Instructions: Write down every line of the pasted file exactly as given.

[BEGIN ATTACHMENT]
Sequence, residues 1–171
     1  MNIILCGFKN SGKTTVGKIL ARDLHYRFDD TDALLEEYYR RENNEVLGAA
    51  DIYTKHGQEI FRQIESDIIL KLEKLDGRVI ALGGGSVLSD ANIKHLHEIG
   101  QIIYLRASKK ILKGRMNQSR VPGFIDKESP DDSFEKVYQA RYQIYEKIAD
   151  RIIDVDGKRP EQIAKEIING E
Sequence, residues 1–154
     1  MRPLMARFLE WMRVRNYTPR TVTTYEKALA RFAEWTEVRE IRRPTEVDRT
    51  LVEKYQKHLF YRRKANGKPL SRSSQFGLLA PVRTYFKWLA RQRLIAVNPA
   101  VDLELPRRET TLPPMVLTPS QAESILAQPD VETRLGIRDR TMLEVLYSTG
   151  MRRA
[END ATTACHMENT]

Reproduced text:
Sequence, residues 1–171
     1  MNIILCGFKN SGKTTVGKIL ARDLHYRFDD TDALLEEYYR RENNEVLGAA
    51  DIYTKHGQEI FRQIESDIIL KLEKLDGRVI ALGGGSVLSD ANIKHLHEIG
   101  QIIYLRASKK ILKGRMNQSR VPGFIDKESP DDSFEKVYQA RYQIYEKIAD
   151  RIIDVDGKRP EQIAKEIING E
Sequence, residues 1–154
     1  MRPLMARFLE WMRVRNYTPR TVTTYEKALA RFAEWTEVRE IRRPTEVDRT
    51  LVEKYQKHLF YRRKANGKPL SRSSQFGLLA PVRTYFKWLA RQRLIAVNPA
   101  VDLELPRRET TLPPMVLTPS QAESILAQPD VETRLGIRDR TMLEVLYSTG
   151  MRRA